Wednesday, March 18, 2020
“You will be my people, and I will be your God.” The noted author and researcher, Dr. Brené Brown, has spent much of her research on issues of shame and belonging. As I have heard her describe belonging, she describes it as different from “fitting in.” She describes it as being loved for who you are.
Ezekiel’s prophecy, as we will see with other prophets, calls Israel back to the place of holiness and wholeness. The expectation God has of God’s people is not lessened, but Ezekiel reminds us that it is not about fitting in … it is about claiming who we are as God’s beloved children.
Ezekiel tells us that God is doing this, not for the sake of Israel, but for God’s own sake. I would argue that it is for the sake of the relationship that God has with all of creation, which only unfolds when we let God be God. In that relationship, we experience something far more than profane (ordinary), and we are found in the presence of the sacred (extraordinary). What is extraordinary about this God of ours is that we are claimed as children of God even when we don’t deserve it … even when we have profaned God among the nations … even when we have failed to experience our relationship with God as both essential and sacred.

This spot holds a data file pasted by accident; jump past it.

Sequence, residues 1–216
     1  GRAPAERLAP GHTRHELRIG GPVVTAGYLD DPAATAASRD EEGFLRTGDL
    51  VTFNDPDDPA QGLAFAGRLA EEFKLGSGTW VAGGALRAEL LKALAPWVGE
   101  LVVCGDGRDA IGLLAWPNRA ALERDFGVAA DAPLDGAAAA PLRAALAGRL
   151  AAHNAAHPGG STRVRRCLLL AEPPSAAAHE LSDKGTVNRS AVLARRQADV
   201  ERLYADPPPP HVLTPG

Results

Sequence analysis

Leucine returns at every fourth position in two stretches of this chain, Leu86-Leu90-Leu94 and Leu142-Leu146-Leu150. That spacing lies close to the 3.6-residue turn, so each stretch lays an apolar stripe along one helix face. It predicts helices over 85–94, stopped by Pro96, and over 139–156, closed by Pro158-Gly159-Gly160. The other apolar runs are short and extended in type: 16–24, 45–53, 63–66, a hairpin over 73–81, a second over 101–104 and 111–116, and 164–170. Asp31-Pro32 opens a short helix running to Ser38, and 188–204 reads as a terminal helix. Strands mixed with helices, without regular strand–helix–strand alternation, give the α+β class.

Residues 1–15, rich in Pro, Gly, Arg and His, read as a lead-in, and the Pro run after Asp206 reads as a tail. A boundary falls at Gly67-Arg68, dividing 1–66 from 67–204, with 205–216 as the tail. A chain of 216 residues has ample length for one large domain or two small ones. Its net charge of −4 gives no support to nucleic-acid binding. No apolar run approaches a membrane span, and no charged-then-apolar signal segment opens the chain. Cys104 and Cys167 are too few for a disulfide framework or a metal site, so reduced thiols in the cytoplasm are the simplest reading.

In this Lenten journey, it is my prayer that we will experience the sacredness of God and the sacredness of relationship. We belong to God. Perhaps, with Ezekiel, we might then experience a God bent on saving us from ourselves; who then restores us to sacred community … relationship … where wholeness and holiness define us more than our brokenness.
We pray, Lord, that you will move us from the profane to the sacred, from exclusion to inclusion, from struggling to fit in to truly belonging. Bless us with sacred community with you! Amen.